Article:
Lockheed Martin's Disaster Robot Gets the Go-Ahead From DARPA

Atlas Robot. Photo: DARPA via Wikimedia Commons.

If you're a human, you're a first-responder, or you just like robots, you might want to take note, because Lockheed Martin's (NYSE: LMT  ) humanoid first-responder just made it to the next stage in the Defense Advanced Research Projects Agency's, or DARPA, Robotics Challenge.

They're coming ...
At 6-foot-2 and 330 pounds, the Atlas robot, built by Google's (NASDAQ: GOOGL  ) newly acquired Boston Dynamics, is one of the most advanced humanoid robots ever built. It's also the platform for DARPA's ongoing Robotics Challenge. The goal of this challenge is to have a team build algorithms and software that allow the Atlas robot to respond to disasters. 

Atlas during testing. Photo: DARPA via Wikimedia Commons.

The final stage of this competition isn't until December 2014. But at that time, the remaining teams have to demonstrate that their robot is capable of completing eight tasks related to a disaster scenario. They include shattering a concrete wall using a power tool, climbing a wobbly ladder, driving a utility vehicle, crossing a debris-littered field, replacing damaged or dated industrial equipment, and isolating and closing a valve in a leaking pipe.

More importantly, on Dec. 23, Lockheed released a statement saying that its team is moving on to the next stage of the competition. And while the final prize is only worth $2 million, the experience Lockheed is getting from this competition could prove to be much more lucrative.  

Rise of the robots
Robots are playing an ever-increasing role in everyday life. For example, besides DARPA's Robotics Challenge, defense heavyweights such as Boeing (NYSE: BA  ) and Northrop Grumman make robots that are useful to the military, and companies such as Hansen Medical (NASDAQ: HNSN  ) and Intuitive Surgical (NASDAQ: ISRG  ) make medical-assisting robots that aid in complex surgeries. And that's just the tip of the iceberg.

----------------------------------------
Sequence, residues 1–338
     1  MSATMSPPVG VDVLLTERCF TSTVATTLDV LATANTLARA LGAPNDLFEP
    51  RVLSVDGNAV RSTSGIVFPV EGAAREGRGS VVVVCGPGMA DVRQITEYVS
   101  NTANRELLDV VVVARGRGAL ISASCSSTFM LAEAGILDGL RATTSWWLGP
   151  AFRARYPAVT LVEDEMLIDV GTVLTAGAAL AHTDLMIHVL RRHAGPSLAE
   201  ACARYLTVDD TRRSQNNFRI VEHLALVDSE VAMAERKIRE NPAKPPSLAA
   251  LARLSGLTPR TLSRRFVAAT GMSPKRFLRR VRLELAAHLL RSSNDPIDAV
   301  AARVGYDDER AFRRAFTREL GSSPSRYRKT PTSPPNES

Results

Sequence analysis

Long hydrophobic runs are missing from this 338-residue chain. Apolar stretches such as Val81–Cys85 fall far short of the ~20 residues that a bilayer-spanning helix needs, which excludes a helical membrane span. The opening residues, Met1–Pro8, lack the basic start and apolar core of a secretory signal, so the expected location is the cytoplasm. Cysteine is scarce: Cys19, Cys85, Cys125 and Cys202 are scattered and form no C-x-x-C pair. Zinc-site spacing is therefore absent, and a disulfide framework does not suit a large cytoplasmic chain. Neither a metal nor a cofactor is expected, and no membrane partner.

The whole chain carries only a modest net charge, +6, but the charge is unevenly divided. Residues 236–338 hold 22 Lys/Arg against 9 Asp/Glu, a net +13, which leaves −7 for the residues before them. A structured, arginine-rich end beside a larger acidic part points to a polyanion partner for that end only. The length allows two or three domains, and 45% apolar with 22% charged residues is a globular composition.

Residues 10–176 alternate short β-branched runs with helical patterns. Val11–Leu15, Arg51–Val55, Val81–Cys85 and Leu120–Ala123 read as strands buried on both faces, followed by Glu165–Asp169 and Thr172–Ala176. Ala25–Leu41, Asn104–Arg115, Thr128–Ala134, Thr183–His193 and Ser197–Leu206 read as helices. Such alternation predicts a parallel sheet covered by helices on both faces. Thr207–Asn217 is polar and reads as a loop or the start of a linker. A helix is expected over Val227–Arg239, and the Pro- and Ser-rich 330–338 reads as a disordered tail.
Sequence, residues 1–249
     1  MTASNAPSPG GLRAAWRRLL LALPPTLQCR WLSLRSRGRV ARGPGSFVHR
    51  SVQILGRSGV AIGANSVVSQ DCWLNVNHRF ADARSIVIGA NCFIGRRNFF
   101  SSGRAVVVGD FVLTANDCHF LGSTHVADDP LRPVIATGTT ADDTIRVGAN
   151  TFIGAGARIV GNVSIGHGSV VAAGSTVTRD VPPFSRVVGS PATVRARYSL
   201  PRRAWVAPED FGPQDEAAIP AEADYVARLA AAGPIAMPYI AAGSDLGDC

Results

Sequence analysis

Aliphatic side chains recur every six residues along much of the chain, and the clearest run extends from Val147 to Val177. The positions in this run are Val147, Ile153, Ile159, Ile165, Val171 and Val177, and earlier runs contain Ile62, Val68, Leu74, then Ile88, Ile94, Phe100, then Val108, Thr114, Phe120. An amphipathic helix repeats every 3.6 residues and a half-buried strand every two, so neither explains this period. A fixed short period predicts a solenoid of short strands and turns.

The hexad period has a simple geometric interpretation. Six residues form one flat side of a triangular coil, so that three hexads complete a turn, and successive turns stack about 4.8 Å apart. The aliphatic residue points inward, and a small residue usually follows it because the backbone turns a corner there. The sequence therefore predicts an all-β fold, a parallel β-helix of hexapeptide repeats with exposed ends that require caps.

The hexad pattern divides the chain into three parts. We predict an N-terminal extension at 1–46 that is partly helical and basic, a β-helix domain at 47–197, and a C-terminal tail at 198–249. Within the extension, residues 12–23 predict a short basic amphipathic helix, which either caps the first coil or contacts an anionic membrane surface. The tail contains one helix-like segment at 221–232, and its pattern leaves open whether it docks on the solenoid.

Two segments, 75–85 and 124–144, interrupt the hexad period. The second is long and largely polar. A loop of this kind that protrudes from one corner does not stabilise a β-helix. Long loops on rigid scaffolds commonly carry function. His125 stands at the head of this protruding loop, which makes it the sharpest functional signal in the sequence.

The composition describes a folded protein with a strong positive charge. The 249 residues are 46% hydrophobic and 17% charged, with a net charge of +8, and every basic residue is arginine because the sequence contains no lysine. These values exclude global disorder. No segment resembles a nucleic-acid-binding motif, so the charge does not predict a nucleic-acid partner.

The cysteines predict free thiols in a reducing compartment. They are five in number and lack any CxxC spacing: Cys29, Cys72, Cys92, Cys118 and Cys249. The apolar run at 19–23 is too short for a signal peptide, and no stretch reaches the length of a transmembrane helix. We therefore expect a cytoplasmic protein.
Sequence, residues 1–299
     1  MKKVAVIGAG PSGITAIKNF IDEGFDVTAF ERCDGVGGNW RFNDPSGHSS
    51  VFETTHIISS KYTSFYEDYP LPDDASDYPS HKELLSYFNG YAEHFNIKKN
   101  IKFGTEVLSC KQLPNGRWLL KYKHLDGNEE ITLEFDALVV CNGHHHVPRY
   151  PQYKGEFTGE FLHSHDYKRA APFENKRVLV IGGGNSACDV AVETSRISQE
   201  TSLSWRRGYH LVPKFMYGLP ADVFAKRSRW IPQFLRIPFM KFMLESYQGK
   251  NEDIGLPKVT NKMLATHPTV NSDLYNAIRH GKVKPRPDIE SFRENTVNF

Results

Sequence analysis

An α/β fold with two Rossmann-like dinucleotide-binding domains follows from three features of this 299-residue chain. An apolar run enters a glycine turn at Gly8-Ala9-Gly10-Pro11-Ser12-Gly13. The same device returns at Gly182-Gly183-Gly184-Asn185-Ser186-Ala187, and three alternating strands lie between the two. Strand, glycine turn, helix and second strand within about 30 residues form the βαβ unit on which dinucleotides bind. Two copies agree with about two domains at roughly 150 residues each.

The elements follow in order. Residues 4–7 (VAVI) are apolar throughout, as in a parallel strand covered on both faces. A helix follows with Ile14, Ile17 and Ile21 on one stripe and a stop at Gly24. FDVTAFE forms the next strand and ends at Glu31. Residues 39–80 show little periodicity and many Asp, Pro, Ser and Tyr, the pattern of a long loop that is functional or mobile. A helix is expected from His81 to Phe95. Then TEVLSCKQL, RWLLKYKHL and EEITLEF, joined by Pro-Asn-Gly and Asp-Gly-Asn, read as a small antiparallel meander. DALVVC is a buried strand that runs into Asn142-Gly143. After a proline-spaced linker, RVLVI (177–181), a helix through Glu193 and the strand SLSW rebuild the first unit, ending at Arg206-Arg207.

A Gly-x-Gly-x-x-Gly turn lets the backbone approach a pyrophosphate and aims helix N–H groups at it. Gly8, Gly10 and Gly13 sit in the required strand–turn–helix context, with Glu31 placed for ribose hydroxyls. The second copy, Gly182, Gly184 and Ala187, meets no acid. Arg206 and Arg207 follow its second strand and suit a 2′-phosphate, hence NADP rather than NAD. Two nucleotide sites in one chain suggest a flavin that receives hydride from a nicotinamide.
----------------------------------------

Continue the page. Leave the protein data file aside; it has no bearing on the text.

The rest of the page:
Further, the reason companies are placing such a premium on developing robotics technology is increasing demand. According to the International Federation of Robotics' study titled "World Robotics 2013-Industrial Robots":

In 2013 global robot sales will increase by about 2% to 162,000 units. The IFR Statistical Department expects that between 2014 and 2016 worldwide robot sales will increase by about 6% on average per year. In 2016, the annual supply of industrial robots will reach more than 190,000 units.  

What all this leads to is profit. As robots become more commonplace, companies that have a particular expertise in that technology stand to benefit.

What to watch
If Lockheed is successful in building a humanoid first-responder, that'll be a significant step forward in robotics. Moreover, as Bill Borgia, Lockheed's Advanced Technology Laboratories director, said: "The DARPA Robotics Challenge presented an exciting competition for our team. It helped us further our expertise in developing robotic autonomy. We'll continue to move that technology forward both in this challenge and our other efforts." Consequently, for long-term Lockheed investors, this is potentially good news, as it could become a lucrative source of revenue for the company.

Robots aren't the only thing driving profits
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